It’s easy to believe that other people know how to do something—sing, dance, play sports, whatever it may be—because they’re talented and you’re not. It’s even easier to believe that’s true in today’s world, where we’re inundated with social media posts that have been carefully edited and crafted to show the sunny side of someone’s life.
For young girls growing up today, that combination can have a detrimental impact: “50 percent of girls feel paralyzed by fear of failure during puberty” and “75 percent of girls agree that social media contributes to girls’ fear of failing during puberty,” claims a new study by Procter & Gamble’s Always.
And those fears have a serious impact on young girls’ willingness to trying something new. In fact, seven in 10 girls avoid it, according to the Always Confidence & Puberty Survey.
That’s why Always has made failure the focus of its latest “Like a Girl” campaign. The moving new 80-second spot, from Leo Burnett in Chicago, tells young girls that it’s OK to fail because that’s how you learn and grow.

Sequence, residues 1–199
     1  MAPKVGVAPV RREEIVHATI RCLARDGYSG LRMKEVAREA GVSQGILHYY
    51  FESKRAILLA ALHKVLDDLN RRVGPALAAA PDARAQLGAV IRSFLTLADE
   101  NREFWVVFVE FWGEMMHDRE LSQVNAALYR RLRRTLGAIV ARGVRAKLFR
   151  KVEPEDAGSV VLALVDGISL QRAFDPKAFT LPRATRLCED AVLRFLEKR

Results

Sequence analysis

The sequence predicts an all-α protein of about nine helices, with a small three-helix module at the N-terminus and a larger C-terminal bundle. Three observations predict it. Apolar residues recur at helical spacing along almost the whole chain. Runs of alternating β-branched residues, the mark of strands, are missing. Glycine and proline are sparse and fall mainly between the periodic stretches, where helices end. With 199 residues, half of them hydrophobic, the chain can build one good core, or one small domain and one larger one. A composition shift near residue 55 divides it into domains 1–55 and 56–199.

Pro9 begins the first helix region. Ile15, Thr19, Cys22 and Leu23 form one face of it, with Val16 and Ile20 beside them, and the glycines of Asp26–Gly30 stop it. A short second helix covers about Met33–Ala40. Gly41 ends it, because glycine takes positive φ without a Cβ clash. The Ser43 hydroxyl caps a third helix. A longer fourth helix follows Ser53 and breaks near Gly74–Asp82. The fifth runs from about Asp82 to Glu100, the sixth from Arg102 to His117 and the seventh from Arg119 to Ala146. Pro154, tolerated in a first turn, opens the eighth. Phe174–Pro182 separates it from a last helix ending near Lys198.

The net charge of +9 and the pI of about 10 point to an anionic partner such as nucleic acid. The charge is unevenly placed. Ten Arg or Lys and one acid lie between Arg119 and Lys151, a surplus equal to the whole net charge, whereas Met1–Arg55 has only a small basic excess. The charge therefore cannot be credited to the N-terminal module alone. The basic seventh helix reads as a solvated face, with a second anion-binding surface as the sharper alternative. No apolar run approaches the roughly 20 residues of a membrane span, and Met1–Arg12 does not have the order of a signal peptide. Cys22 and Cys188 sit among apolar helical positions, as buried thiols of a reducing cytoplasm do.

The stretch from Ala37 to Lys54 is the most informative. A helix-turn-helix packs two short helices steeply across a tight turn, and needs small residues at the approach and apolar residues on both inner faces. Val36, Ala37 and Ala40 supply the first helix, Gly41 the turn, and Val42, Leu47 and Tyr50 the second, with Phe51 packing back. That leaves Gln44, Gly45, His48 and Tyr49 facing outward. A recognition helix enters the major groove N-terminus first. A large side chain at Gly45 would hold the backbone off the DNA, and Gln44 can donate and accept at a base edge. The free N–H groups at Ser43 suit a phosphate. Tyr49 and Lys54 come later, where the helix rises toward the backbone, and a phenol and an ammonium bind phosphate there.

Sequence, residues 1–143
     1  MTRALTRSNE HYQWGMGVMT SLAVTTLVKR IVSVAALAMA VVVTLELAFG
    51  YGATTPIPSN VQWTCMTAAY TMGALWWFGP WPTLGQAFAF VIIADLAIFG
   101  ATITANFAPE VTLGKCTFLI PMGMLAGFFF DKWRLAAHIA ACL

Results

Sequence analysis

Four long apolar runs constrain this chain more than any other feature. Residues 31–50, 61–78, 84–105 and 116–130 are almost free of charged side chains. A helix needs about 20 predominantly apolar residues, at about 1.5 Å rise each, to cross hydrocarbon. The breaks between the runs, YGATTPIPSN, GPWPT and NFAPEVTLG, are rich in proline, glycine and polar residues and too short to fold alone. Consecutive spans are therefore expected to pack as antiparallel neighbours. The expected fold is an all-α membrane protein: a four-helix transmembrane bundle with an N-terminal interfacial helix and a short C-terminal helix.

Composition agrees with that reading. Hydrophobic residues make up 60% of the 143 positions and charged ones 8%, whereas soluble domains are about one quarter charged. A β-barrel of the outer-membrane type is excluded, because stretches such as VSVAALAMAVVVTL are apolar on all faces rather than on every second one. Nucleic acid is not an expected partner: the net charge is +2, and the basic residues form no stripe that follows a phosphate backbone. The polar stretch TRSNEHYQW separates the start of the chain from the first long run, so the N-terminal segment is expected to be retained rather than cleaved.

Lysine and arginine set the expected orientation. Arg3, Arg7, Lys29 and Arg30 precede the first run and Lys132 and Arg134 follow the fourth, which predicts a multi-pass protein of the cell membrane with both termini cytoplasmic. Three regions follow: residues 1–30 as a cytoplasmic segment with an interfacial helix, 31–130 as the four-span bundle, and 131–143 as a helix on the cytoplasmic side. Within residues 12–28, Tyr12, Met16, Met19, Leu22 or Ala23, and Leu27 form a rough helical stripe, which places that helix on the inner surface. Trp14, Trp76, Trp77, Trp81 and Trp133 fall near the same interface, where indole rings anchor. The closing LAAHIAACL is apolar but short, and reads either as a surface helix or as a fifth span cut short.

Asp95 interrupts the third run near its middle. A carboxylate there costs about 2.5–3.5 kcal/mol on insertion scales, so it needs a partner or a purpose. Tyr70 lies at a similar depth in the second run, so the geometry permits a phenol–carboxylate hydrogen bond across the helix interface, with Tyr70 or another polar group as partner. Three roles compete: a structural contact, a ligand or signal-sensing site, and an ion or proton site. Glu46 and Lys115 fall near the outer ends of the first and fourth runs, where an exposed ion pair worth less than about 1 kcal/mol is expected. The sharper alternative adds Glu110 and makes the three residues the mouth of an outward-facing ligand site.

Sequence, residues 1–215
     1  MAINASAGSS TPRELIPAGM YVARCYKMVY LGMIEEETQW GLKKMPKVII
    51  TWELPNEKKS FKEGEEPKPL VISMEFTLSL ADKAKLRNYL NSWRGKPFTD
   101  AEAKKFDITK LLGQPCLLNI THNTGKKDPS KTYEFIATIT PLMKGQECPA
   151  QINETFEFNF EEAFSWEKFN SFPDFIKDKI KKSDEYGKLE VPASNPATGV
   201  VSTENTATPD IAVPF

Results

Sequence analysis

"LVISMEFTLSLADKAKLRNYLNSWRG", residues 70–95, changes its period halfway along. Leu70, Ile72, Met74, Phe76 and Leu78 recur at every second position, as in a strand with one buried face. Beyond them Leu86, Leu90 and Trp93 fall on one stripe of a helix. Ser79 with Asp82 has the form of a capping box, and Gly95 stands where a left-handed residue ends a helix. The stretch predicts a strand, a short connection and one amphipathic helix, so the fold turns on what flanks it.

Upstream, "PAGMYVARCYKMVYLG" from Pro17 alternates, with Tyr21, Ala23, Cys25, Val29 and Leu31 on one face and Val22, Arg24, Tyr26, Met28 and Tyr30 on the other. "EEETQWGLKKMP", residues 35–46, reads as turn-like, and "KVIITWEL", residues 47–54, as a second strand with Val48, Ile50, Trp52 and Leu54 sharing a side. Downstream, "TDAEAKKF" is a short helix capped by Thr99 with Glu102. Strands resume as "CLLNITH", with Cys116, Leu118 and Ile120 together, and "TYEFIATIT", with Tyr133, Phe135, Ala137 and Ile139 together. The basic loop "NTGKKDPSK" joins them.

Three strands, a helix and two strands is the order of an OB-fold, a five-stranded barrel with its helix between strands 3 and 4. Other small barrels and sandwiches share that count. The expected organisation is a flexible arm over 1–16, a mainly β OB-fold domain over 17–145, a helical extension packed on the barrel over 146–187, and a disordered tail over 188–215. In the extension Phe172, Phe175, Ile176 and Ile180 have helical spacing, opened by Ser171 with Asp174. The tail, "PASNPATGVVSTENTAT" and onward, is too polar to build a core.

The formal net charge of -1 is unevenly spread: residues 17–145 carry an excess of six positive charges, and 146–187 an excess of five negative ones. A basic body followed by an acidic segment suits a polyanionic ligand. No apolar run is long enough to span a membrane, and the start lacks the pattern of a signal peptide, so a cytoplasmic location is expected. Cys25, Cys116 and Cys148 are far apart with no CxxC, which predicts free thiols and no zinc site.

“Learning from the [survey] that one in two girls feel that if they fail society will reject them is heartbreaking and moreover alarming,” said Michèle Baeten, Always associate director, in a statement. “Always will do all that we can to normalize and reframe failure as something that is not to be feared, but something that is crucial to growth and building confidence. Our goal is to create an environment where girls feel they have full support to try new things, make mistakes, and are encouraged to keep going.”
The spot, directed by Lucy Luscombe, carefully weaves together different fear-inducing moments, before showing girls in action doing the thing they were afraid of. What makes the ad successful is that the girls don’t look like they know exactly what they’re doing or that they’re supremely confident, but that they are girls on a journey learning how to do what they want to do and having fun doing it.